Salvador Dalí was one of the most iconic figures of the 20th century. A controversial character, who never failed to provoke a reaction, both because of his art and his brilliance. A multifaceted person, who witnessed and participated in the new artistic movements of the century, such as surrealism,
of which his work was most representative.
His life was marked by the influence of two women: his sister, Anna Maria, who was four years his junior, and Gala, who took control of the Empordanese genius’s life with such tenacity that she caused the two siblings to separate. In 1925, a newcomer entered the group: Federico García Lorca, who also became
an intimate friend of Anna Maria. Their quasiidyllic world, however, was violently broken apart in 1929 by a published text in which Dalí wrote: “Sometimes, I spit for fun on my mother’s portrait”. His father disinherited him and cast him from the family home, while Anna Maria
disowned him. However, there is no doubt about Gala’s involvement in the
affair, who had recently arrived on the scene and was close to the siblings.
Their next meeting would be forty years later when Dalí, in hospital with burns
from a fire at his Castle in Púbol, threw her out of his room screaming “lesbian, lesbian!” A few months later, on 16 May 1989, Anna Maria died at her home in Cadaqués. Today, 28 years later, Ventura Pons, one of Catalan and Spanish cinema’s most prolific film directors is shooting a piece about the life of Anna Maria; and is doing so in the very places where she used to live, mostly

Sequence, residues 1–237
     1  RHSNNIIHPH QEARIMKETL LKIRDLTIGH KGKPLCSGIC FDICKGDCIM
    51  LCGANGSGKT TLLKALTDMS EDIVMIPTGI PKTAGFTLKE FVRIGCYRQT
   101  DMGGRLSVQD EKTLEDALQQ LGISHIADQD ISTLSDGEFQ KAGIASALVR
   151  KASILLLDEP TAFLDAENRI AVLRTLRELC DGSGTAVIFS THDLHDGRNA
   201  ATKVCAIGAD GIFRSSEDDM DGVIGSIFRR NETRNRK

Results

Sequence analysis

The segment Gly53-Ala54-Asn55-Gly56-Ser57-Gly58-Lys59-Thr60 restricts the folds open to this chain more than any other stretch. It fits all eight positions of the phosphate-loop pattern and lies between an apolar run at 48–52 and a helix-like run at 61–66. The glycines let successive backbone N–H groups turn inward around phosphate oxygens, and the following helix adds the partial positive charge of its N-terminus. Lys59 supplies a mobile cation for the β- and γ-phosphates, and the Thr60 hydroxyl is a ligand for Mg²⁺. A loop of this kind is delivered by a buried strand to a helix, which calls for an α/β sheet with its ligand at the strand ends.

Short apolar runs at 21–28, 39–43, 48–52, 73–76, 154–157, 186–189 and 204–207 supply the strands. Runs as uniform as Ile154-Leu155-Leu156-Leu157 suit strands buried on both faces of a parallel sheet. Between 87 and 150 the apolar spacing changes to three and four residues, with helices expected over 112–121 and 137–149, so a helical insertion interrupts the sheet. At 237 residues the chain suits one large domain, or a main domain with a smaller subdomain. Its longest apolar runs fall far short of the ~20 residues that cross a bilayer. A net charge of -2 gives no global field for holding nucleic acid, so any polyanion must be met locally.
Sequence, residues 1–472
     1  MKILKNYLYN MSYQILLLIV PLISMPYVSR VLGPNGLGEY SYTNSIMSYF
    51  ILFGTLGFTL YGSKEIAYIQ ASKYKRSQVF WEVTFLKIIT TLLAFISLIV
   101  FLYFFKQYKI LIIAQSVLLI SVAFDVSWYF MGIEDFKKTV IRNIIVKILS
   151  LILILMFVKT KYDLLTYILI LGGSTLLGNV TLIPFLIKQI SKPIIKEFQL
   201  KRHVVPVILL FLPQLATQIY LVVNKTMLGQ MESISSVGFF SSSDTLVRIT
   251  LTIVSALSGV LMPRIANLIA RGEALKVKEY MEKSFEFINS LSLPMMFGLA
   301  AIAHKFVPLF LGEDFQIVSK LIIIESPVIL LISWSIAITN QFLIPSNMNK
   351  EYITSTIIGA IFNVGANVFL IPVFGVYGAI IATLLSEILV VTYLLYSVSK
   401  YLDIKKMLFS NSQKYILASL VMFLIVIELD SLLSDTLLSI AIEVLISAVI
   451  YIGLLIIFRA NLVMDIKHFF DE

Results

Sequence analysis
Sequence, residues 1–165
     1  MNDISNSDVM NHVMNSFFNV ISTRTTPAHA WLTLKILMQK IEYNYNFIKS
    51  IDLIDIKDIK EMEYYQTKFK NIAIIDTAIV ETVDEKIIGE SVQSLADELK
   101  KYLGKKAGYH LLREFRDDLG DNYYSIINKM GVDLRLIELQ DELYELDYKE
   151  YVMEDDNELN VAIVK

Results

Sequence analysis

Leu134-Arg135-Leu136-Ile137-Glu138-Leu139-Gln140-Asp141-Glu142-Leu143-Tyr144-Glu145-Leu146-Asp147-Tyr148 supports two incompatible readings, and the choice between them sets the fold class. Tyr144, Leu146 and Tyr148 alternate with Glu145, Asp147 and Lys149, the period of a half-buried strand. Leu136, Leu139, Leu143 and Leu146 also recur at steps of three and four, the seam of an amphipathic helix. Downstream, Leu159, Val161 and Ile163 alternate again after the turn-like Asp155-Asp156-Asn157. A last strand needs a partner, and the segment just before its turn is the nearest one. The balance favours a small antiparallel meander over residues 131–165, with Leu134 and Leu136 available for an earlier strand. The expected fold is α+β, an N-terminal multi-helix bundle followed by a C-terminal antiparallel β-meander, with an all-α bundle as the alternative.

in Cadaqués and PortLligat. The film, which includes fictitious characters to weave the plot together, features a cast of internationally renowned Catalan and foreign actors, such as Sîan Phillips, who plays the role of Anna Maria,
Eulàlia Ballart, as the young Anna Maria, and Claire Bloom, who, at 86, has a nonhistorical role, that of a friend and confident of the sister.
Ventura Pons is clear about his reasons for making the film: “It’s a genuine Greek tragedy, shot in wonderful natural surroundings. It’s a bitter tale. Two free spirits, who love each other, and end up in a violent breakup, filled with hatred. It’s an almost unreal love story, but also one of resentment, squabbling, ambition and, above all, power, told by an exceptional witness, the ever-patient Anna Maria”. The tragedy has its roots in two books: “The secret life of Salvador Dalí”, written by the painter, and this book’s retort, written by Anna Maria to refute some of Dalí’s claims. “The sister’s response infuriated the painter. All that young love, mutual confidence and carefree eccentricities they enjoyed together were transformed into a visceral hatred.” At this point, Ventura vents his animosity towards one of the main characters: “Gala tears the siblings apart and become Dalí’s new muse. She was beastly, a nasty piece of work”, asserts Ventura Pons with obvious feeling.
Text: Fèlix Pujol